Great Britain 20 New Zealand 14: Burgess makes big impression on winning start for Britain

Young prop meets New Zealand head on as hosts go one up thanks to a battling display
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The Independent Online

Great Britain opened this three-match series with a win built on tries from two debutant forwards, Maurie Fa'asavalu and Sam Burgess, and a quite remarkable effort from Gareth Raynor.

The Hull winger raced 50 metres on what seemed a vain pursuit of Rob Burrow's kick but the ball sat up just short of the dead-ball line.

"We've seen him come up with those a few times and now he's come up with a big play like that at international level," said the new Great Britain coach, Tony Smith, of Raynor's try. "Rob Burrow kicked pretty well throughout and [Raynor] chased it all the way and got his reward.

"We did a nice solid job and we could have won by a bit more if we'd been a bit better in our execution on a couple of breaks."

Smith's Kiwi counterpart, Gary Kemble, declared himself happy two weeks after a 58-0 humiliation at the hands of Australia. "We've improved out of sight in the last seven to eight days, but we've a lot of improvement left in us," he said.

British plans were disrupted before kick-off when Kevin Sinfield, the main kicker and loose forward, was forced to drop out with a stomach bug. That meant a promotion for Wigan's Sean O'Loughlin, with John Wilkin making the substitutes a St Helens monopoly.

Within three minutes, the reshuffled side were behind. Burgess, the 18-year-old prop, went high on Paul Whatuira and the Kiwis chose to run, Thomas Leuluai then kicking to create a try for Shontayne Hape.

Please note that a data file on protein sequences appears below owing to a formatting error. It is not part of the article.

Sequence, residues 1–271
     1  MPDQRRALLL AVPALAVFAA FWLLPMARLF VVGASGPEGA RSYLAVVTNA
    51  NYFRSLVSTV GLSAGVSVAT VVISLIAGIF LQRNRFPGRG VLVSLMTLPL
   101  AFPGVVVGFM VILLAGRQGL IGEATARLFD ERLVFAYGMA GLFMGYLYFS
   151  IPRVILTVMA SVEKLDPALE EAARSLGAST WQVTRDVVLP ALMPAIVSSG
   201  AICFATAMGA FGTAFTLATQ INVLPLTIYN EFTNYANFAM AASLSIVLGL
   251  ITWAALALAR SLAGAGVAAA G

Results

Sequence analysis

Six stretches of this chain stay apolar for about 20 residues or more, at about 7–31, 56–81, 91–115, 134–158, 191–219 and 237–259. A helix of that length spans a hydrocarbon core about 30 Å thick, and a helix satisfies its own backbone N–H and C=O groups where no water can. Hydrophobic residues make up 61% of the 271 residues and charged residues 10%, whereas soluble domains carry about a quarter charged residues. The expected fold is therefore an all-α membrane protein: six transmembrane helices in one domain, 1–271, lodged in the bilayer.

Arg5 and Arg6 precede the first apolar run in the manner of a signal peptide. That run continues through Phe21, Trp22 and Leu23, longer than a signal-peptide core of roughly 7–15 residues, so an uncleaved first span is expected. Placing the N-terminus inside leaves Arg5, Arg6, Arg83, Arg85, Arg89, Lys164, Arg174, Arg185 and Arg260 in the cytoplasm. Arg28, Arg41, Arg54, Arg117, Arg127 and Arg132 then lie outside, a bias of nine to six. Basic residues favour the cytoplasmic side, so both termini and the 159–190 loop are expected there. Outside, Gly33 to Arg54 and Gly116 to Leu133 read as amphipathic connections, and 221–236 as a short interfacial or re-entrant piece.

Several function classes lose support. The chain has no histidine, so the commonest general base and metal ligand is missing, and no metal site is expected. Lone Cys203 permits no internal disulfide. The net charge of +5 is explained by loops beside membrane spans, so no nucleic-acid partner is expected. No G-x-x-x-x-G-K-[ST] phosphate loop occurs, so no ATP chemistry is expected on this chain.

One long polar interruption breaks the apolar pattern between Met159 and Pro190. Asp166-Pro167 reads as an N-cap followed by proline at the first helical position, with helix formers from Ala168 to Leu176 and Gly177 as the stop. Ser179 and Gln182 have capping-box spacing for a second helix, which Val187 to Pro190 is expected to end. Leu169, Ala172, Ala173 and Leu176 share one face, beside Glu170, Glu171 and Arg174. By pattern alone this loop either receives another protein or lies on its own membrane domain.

Britain took back the initiative when the Kiwis allowed Paul Wellens' kick-off to bounce over the dead-ball line, although the nearest they came to a score was when Leuluai stopped Keith Senior as he threatened to get on the outside of the defence.

Midway through the half, Fa'asavalu became the first Samoan to appear for Great Britain; immediately his strong run drew a penalty. That gave the home side another attacking position, but James Roby could not ground the ball when he re-gathered his own kick on the New Zealand line.

Britain were ahead after 27 minutes. Burrow charged down Leuluai's kick and raced away. He earned a penalty and Roby, on the last tackle, sent Fa'asavalu over from close in. Burrow landed the conversion and a penalty after Tame Tupou failed to play the ball.

Fa'asavalu knocked on from the restart, Epalahame Lauaki kicked ahead and Whatuira touched down. Lance Hohaia's conversion was the difference at half-time.

Raynor had a try disallowed for pushing at the start of the second-half but after 49 minutes Burrow put through that low kick, the Kiwi full-back, Sam Perrett, stood and waited and Raynor charged in.

Burgess was placed on report for a tackle that probably left Fuifui Moimoi seeing double; it was a symptom of the pressure Britain found themselves under. The youngster then had a much better moment when he followed Leon Pryce through to score his first Test try.

There was still time for a nail-biting finish and Hape got outside Raynor with four minutes to go. The Lions kept their cool, however, and took a deserved lead in the series.

Great Britain: Wellens (St Helens), Gardner (St Helens), Martin Gleeson (Warrington), Senior (Leeds), Raynor (Hull), Pryce (St Helens), Burrow (Leeds), Morley (Warrington), Newton (Bradford), Burgess (Bradford), Peacock (Leeds), O'Laughlin (Wigan). Substitutes used: Fa'asavalu (St Helens), Roby (St Helens), Graham (St Helens) Wilkin (St Helens).

New Zealand: Perrett (Sydney), Tupou (Bradford), Hape (Bradford), Whatuira (Wests Tigers), Tuiki (NZ Warriors), Hohaia (Warriors), Leuluai (Wigan), Moimoi (Parramatta), Halatau (Wests Tigers), Asotasi (South Sydney), Mannering (Warriors), Pritchard (Penrith), Smith (Melbourne). Substitutes used: Eastwood (Brisbane), Anderson (Warriors), Rapira (Warriors), Lauaki (Warriors).<

Referee: T Archer (Australia).

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